Washington: A hail of meteorites from space could have sparked life on Earth, say scientists. Although it's widely accepted that a meteor strike about 65 million years ago killed off the dinosaurs, the scientists say a hail of the massive rocks far earlier in Earth's history may have created ideal conditions for primordial life forms.

"When people think of impact events and life, probably 99 per cent think of the extinction of dinosaurs. There're always destructive effects but afterward, particularly if you are a microbe, these impacts can be beneficial," Gordon Osinski at the University of Western Ontario, the lead scientist, said.

During a time known as the Early Bombardment, when the Earth was a half-billion years into its 4.5 billion-year history, a barrage of meteorites smashed into the young planet, which could have provided the necessary materials for a hydrothermal system, similar to today's deep-sea vents.

"All you need for hydrothermal activity is a heat source, plus water," Osinski was quoted by the 'Space.com' as saying.
The colossal meteor and the energy of its impact would have melted rocks for many hundreds of miles, providing the heat and water, whether as precipitation, ice or contained in small amounts in Earth's surface, would have been plentiful.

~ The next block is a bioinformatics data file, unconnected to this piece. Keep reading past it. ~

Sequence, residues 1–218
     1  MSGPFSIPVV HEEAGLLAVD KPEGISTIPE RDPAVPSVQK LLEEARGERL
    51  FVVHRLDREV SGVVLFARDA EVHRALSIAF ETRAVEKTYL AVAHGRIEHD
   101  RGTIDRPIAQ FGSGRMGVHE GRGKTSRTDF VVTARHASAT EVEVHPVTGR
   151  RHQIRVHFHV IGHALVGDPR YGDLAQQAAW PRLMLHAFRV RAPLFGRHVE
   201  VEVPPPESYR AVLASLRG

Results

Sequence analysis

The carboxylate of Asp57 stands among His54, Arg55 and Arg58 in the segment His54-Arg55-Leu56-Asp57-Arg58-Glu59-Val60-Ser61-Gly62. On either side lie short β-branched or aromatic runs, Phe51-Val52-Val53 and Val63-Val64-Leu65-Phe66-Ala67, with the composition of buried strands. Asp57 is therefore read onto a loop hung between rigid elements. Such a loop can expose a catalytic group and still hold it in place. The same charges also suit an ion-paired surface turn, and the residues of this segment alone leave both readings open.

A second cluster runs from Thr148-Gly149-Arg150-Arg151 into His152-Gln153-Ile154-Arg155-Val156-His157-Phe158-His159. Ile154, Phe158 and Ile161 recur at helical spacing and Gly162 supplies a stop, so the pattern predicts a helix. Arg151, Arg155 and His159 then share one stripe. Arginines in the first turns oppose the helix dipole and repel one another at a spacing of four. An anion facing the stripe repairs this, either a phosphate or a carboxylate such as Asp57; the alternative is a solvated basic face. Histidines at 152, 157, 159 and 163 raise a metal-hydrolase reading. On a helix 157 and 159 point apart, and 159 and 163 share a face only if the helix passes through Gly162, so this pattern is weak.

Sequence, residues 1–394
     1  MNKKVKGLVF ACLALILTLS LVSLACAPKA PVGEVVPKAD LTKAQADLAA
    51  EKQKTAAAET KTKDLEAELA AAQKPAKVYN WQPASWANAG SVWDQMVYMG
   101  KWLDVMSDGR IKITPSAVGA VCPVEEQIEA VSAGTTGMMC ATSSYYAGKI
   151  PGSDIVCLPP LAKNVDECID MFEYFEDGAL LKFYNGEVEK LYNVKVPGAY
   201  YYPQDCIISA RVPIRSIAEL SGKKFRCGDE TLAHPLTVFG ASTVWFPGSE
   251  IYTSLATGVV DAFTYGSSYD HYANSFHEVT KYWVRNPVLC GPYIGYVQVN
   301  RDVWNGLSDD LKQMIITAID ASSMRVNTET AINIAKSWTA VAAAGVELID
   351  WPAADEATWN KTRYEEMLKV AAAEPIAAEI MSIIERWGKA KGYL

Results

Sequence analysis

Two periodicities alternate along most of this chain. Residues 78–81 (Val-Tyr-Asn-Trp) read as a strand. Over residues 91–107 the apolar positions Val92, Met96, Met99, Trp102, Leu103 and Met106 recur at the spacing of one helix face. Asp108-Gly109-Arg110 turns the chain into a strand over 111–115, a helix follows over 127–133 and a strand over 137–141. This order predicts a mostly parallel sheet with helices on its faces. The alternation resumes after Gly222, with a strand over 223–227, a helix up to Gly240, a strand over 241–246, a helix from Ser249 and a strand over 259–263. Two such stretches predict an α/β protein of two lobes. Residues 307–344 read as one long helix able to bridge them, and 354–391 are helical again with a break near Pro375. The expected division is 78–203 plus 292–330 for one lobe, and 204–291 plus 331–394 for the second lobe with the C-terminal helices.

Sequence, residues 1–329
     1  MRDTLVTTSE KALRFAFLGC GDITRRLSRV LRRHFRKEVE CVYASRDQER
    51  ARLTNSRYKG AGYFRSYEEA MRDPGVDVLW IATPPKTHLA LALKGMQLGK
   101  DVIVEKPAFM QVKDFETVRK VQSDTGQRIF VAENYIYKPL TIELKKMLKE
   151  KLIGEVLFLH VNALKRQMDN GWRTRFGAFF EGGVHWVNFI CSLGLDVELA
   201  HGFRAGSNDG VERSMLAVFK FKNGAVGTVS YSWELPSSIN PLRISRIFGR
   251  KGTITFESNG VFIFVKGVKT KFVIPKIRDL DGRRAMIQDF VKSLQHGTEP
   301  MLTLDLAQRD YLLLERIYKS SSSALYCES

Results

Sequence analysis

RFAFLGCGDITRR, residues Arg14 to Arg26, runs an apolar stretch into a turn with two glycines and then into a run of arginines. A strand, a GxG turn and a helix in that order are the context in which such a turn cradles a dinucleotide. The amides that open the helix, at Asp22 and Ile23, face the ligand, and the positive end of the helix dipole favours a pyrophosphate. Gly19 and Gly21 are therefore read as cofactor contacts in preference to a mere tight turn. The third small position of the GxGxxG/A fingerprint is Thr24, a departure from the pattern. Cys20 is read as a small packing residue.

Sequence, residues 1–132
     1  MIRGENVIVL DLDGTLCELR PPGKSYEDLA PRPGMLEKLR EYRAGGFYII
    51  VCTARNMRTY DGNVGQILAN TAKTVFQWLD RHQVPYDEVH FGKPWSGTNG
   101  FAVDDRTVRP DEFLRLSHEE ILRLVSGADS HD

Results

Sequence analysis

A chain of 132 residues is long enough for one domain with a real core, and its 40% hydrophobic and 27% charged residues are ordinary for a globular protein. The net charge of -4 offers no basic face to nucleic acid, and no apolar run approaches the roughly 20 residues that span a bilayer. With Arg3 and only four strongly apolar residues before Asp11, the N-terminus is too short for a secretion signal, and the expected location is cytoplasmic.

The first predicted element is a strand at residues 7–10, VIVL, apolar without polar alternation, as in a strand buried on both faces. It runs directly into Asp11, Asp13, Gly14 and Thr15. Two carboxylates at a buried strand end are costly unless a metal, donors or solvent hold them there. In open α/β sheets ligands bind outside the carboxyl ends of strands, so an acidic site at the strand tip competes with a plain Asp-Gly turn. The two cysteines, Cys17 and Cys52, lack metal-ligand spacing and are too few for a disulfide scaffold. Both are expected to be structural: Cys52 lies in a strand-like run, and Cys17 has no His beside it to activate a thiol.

"It would cool slowly over time, but the time scale varies tremendously. The bigger the crater, the bigger the heat source, the more slowly it cools. How long they last is one of the big unknowns, but for smaller craters, it's tens of
thousands of years," Osinski said. And it turns out that hydrothermal systems are a big suspect in the hunt for the birthplace of life on Earth, say the scientists.

"The reason hydrothermal systems are thought to be so interesting is you come to the base of the tree of life, and all of those organisms are thermophiles," he said.

Osinski explained heat-loving organisms that thrive in the scalding temperatures of 140 to 176 degrees Fahrenheit found in hydrothermal systems such as Yellowstone's volcano- heated lakes or hydrothermal vents along the seafloor.

"Basically, we don't know where life originated. It's a big open question on Earth. But hydrothermal systems have been suggested as places. You have energy, food and water – all the key ingredients of life," he said.